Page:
As big and strong a basketball team as Illinois is ...
No. 4-seeded Kansas, just might have defeated the No. 1-seeded Illini on Friday night had the Jayhawks taken care of business at the free-throw line.
The Jayhawks made 18 of 35 free throws to the U of I's 18 of 26 in an 80-64 Midwest Regional semifinal setback at the Alamodome.
"I used to have an old friend tell me, 'Free throws make you or break you,''' KU point guard Kirk Hinrich said after draining five of six charities.
Charities broke the Jayhawks.
Nick Collison hit six of 14, Kenny Gregory four of seven, Drew Gooden three of six and Eric Chenowith zero of two.
"We were not a 70 percent free-throw shooting team this year, so it's nothing new," KU forward Drew Gooden said.
KU finished the season a 65.9 percent free-throw shooting team.
"It was a big-time atmosphere, big-time game. For whatever reason they weren't going in," Gooden said.
KU hit five of 12 free throws the first half to Illinois' eight of 10 and fell behind, 41-29.
"The first half ... as ugly as we were, Drew missed a two-shot foul, Eric both (tries) and Kenny the first shot of a one-and-one," KU coach Roy Williams said. "Those would have helped us to say the least. The second half, we had it to five, six or seven and the first (of two) intentional foul was called and we missed both of 'em.
"Nick Collison is a very good free-throw shooter. He has been his entire life, but evidently the ball didn't feel good to him or something. My answer is I don't have an explanation.
"Eric had made 10 in a row in NCAA Tournament play (against Syracuse and Cal State Northridge) and missed two tonight."
Collison, who finished the year a 62.5 percent free thrower, missed two free throws after an intentional foul by Marcus Griffin with 6:32 left, KU down, 62-54. He also missed two free throws after an intentional foul by Lucas Johnson at :57.1, KU down, 73-64.
KU also failed to score on the inbounds possessions after both intentional fouls.
Some wondered if fatigue played a factor in Collison's misses. He scored a team-best 23 points with seven rebounds in 28 minutes while banging against the Illini's beefy front line.
"I was a little tired, but that didn't really play a factor," Collison said. "You get in a funk I guess ... they are harder to make when you miss a couple. It was frustrating when I missed five straight. I just wasn't making 'em."
Zip in finale
Chenowith, a senior center, didn't score in his final game as a collegian. The 7-footer had two boards in 22 minutes.
"It'll bother me (in the future)," Chenowith said of memories of his final game. "I didn't score. I don't think I took a shot."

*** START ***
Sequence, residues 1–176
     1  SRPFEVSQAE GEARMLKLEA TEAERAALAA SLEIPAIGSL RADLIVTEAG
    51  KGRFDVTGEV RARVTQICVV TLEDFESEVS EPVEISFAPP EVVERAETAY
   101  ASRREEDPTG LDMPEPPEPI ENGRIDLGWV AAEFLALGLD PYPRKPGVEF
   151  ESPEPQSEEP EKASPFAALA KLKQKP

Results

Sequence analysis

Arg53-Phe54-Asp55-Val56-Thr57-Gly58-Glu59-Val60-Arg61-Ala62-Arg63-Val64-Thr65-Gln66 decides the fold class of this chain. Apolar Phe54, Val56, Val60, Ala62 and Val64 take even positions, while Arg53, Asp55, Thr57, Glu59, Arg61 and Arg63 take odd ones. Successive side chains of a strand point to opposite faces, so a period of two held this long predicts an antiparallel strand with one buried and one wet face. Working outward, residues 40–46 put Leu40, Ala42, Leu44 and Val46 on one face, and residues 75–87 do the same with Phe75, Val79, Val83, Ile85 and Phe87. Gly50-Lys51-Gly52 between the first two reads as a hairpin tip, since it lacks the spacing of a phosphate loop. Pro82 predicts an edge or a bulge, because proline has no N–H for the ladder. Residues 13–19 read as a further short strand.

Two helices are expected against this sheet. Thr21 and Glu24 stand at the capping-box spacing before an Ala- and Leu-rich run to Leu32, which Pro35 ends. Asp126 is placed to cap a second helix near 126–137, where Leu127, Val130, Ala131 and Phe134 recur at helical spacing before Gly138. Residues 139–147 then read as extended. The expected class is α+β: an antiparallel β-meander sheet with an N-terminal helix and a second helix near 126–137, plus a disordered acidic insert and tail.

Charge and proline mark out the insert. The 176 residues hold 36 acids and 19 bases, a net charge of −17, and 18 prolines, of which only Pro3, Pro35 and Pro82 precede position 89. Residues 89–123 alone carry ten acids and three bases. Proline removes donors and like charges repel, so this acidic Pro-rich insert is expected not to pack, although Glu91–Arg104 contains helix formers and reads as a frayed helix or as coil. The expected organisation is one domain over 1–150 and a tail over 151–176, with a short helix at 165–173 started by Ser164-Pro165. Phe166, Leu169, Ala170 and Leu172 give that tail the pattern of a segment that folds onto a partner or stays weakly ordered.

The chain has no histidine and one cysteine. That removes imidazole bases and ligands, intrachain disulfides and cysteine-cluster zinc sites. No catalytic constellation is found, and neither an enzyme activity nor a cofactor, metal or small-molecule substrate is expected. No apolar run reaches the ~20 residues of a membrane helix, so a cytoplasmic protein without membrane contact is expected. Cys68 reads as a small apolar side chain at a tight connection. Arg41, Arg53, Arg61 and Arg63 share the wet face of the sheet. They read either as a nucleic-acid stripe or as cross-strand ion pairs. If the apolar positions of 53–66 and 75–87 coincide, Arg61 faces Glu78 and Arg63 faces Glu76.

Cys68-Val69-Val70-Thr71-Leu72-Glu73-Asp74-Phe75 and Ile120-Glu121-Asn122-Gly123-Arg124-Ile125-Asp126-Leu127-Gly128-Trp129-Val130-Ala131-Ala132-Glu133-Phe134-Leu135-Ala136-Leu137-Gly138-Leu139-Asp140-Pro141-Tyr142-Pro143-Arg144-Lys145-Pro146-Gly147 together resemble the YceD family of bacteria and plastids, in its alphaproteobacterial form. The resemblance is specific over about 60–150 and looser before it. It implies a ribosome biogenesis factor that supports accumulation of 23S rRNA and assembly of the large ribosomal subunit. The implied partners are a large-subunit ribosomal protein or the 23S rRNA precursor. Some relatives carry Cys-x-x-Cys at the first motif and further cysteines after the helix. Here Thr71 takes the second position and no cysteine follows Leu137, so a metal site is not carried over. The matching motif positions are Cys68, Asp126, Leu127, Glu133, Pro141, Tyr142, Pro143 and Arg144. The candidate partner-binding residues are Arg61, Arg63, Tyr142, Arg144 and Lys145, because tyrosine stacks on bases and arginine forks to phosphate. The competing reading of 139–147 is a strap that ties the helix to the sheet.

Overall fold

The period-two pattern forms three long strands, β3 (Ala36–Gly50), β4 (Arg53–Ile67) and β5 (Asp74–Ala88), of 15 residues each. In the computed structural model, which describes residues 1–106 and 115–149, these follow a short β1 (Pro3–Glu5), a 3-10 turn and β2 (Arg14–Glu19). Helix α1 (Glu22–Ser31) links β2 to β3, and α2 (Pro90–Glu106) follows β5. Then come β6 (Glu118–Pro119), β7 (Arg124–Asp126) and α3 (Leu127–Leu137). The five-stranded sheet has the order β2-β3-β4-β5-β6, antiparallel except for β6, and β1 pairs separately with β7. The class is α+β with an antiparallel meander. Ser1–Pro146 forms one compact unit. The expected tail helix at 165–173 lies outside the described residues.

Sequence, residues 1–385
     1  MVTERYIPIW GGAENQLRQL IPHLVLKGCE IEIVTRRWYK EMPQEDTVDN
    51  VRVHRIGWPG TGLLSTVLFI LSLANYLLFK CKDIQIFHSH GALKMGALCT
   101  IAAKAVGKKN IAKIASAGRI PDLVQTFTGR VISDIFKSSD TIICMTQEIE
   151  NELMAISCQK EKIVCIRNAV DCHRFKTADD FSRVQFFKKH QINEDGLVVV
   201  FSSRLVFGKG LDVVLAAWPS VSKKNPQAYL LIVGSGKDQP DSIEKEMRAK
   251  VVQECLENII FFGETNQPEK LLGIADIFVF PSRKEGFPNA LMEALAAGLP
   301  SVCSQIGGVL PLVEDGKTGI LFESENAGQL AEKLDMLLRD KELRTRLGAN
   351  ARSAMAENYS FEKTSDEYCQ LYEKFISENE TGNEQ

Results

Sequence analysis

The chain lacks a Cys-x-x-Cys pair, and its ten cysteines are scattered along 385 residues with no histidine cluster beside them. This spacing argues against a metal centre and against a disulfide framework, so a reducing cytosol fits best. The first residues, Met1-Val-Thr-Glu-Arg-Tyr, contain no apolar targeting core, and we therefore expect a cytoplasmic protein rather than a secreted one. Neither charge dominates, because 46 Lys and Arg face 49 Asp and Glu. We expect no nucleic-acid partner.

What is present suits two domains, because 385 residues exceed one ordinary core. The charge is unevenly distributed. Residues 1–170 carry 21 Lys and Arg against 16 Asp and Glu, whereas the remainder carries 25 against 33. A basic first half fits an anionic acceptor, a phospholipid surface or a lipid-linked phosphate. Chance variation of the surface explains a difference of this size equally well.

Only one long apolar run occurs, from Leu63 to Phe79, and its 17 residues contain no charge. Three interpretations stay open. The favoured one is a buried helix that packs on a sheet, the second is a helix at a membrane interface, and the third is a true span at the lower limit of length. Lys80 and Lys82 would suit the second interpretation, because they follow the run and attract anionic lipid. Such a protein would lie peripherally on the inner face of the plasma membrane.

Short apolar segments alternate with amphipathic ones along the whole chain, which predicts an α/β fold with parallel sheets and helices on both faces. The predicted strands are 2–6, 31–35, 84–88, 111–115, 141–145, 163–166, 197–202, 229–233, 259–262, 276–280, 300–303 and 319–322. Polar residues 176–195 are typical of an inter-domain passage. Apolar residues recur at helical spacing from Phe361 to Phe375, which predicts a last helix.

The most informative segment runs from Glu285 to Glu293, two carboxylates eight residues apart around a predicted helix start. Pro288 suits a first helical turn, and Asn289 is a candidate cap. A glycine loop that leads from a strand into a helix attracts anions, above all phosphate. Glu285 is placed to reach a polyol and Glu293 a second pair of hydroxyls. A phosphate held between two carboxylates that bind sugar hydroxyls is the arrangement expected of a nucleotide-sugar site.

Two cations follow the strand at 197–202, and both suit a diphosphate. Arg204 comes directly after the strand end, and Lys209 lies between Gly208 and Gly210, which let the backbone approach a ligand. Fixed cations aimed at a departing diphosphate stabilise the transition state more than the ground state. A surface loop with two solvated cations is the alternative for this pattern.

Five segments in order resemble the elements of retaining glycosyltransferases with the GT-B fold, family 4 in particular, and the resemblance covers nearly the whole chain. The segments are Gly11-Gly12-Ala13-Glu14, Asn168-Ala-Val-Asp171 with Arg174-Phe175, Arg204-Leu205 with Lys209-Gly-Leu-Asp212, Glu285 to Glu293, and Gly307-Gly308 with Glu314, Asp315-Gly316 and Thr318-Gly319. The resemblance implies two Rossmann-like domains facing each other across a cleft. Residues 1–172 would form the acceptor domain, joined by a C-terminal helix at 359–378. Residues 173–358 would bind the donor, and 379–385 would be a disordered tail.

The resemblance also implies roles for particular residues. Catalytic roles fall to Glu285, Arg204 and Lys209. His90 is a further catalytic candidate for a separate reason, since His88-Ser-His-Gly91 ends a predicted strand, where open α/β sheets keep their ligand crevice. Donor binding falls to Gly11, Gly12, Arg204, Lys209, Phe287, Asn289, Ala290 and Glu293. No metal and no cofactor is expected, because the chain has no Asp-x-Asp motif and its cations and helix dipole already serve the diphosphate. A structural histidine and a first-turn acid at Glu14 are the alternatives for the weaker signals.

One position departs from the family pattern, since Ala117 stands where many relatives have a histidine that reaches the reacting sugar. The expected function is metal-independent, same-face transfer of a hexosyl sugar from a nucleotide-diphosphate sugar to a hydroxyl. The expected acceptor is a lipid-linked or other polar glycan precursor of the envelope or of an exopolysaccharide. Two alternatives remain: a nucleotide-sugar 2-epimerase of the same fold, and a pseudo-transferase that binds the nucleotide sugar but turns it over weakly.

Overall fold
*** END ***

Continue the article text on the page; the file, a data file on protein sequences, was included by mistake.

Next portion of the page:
Indeed, he didn't hoist a shot for first time in a game all season.
Chenowith and Gregory, another senior, have been invited to an NBA pre-draft camp in May in Phoenix. Performance at that camp can make or break a player as far as the June NBA Draft.
Gregory will compete in the slam dunk competition at the Final Four this weekend in Minneapolis. No Jayhawks are slated to play in the Final Four collegiate all-star game.
Williams can't comment publicly on the officiating, yet he clearly appeared dismayed at some of the calls in Friday's season-ending loss.
Of particular concern was the situation surrounding Hinrich's fourth foul with 14:45 left.
First Hinrich went down in a heap, turning the ball over on the offensive end when it appeared he may have been hammered by an Illini player. Back on the defensive end, Hinrich seconds later bumped Sean Harrington for his fourth foul.
Three Illinois players and two KU players fouled out as the Illini picked up 26 fouls to KU's 23.
"I knew it'd be physical," Chenowith said. "What surprised me is the refs were calling so many fouls. It was knockdown, dragout. We didn't get in the flow of things. We'd score a basket and get called for a foul. We'd score, then a foul. There was no flow to that game."
Adding insult to injury ... at one point, Williams accidentally was elbowed in the jaw -- fairly hard -- by one of the refs who was charging by and didn't see the Jayhawk coach.
"Did you do that on purpose," KU's coach yelled, somewhat jokingly, at the ref.
More on Gooden
Williams has said he is "not concerned" Gooden might leave for the NBA. One of Gooden's family members chuckled heartily then said "No," when asked if he thought the sophomore would leave for the pros.
Gooden said he's going to discuss his options with family members.
"Now that the tournament is over, it's time to talk with my family and think about the decision I'm going to make," he said. "To see my options, the aspects (positives) of me leaving and the negatives of me leaving. If I will end my career after today, it'd be a bad taste in my mouth, not winning. But if I do leave, I'd look back and say I tried my best."